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Carlos Queiroz
Carlos Queiroz

Posted on • Updated on

Testing HTML events on React

What's up, Techs!

I would like to share with you a method on how to create tests for HTML events. I'll do this sharing a progressive image component that I built.

Let's take a look:

const ImageLoader = ({ src, fallbackImage = '' }) => {
  const [isLoading, setIsLoading] = useState(true);
  const imageRef = useRef(null);

  const onLoadFinished = () => {
    setIsLoading(false);
  };

  const onLoadError = () => {
    const imageObject = imageRef.current;
    imageObject.src = fallbackImage;
    setIsLoading(false);
    imageObject.onerror = null;
  };

  useEffect(() => {
    const imageObject = imageRef.current;
    imageObject.src = src;
  }, [src]);

  return (
    <Container isLoading={isLoading}>
      <Image
        ref={imageRef}
        onError={onLoadError}
        onLoad={onLoadFinished}
      />
      {isLoading && <div>Carregando...</div>}
    </Container>
  );
};

export default ImageLoader;

For this component, I received two important properties: src and fallbackImage.
It is a simple component where we are monitoring the onload and onerror events.

Through these events, we can catch if our image was loaded or failed. In case of failure, the src property will receive the fallbackImage path.

const onLoadError = () => {
    const imageObject = imageRef.current;
    imageObject.src = fallbackImage;
    setIsLoading(false);
    imageObject.onerror = null;
  };

Building the test

For the tests, we will use the React Testing Library (RTL) that is the default testing library for React.
I like this library because we test the user behavior and not implementation details. We can think that we are testing what the user is seeing and not what is inside the code.

Our test will guarantee that our component is receiving the correct image path even with success or failure.

I need to confess that when I was trying to build this test I had no idea how to simulate events. I was thinking of taking the image as a reference and trying to dispatch an event with dispatchEvent, but it was not like a semantic way.

So, what I did was going to Google and search for a solution. What I found was, for me, something interesting: React has your own test utils library. I'm talking about ReactTestUtils.

At first sight, it was solving my problem. Actually this library resolves my problem. Let's see:

it('should be able to show skeleton during the loading and when finished loading image needs to have src property equals send by parameter.', async () => {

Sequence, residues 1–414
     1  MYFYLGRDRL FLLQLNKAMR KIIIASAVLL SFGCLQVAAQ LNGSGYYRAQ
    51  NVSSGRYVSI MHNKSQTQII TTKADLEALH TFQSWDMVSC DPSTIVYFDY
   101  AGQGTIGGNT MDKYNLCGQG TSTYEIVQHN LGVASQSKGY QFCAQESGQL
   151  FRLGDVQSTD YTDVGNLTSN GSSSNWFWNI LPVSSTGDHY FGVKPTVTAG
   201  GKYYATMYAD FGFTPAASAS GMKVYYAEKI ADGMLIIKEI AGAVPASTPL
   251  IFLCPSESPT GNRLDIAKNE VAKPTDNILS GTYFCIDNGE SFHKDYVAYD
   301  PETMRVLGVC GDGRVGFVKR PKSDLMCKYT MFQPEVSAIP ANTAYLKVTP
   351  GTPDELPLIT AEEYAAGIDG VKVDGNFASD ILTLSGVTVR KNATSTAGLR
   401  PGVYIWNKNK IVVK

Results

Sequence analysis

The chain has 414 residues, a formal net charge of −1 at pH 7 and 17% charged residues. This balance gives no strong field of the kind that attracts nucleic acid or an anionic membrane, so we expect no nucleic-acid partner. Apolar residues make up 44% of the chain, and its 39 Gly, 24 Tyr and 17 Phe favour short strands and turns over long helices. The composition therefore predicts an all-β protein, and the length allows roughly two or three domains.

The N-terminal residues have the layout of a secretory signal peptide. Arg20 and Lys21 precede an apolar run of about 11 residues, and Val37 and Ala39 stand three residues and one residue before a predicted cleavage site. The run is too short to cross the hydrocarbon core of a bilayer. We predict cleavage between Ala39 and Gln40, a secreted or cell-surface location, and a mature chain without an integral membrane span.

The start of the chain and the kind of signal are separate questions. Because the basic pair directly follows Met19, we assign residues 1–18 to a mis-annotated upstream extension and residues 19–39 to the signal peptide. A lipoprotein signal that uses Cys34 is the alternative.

render(
      <ImageLoader
        src="image-teste.png"
        fallbackImage="fallback-image.png"
        alt="image-test"
      />,
    );

const imageRef = screen.getByAltText('image-test');

ReactTestUtils.Simulate.load(imageRef);

expect(imageRef).toHaveAttribute('src', 'image-teste.png');
  });

This solution looked like for me semantically well write and works fine. The PR was approved, by the way.

After that, I went back to the code, and I was thinking about how to write about this solution for others who are having the same problem as me and talking to a friend of mine, I was remembered that RTL has a function that also firing HTML events: fireEvent.

I used to use this function to fire click events, for example, but I changed to the userEvent function as the RTL recommends and due to this, I completely forgot of the fireEvent function.

Thus, I rewrite the test with the fireEvent util function. Let's have a look:

...
    render(
      <ImageLoader
        src="image-teste.png"
        fallbackImage="fallback-image.png"
        alt="image-test"
      />,
    );

const imageRef = screen.getByAltText('image-test');

fireEvent.load(imageRef);

expect(imageRef).toHaveAttribute('src', 'image-teste.png');
  });

Here is the test for the error case:

...
    render(
      <ImageLoader
        src="image-teste.png"
        fallbackImage="fallback-image.png"
        alt="image-test"
      />,
    );

    const imageRef = screen.getByAltText('image-test');

    fireEvent.error(imageRef);

expect(imageRef).toHaveAttribute('src', 'fallback-image.png');
  });

I think that the code did not change so much, but now it looks even more clear and simple.

So, if you use the RTL library and need to simulate an HMTL event, you probably should use fireEvent.

I hope that this little article was helpful to you.

Leave a comment with a suggestion, a question, or your opinion about this.
If you want, add me to your LinkedIn network, and let's chat. I love to learn and talk about JavaScript.

Bye!

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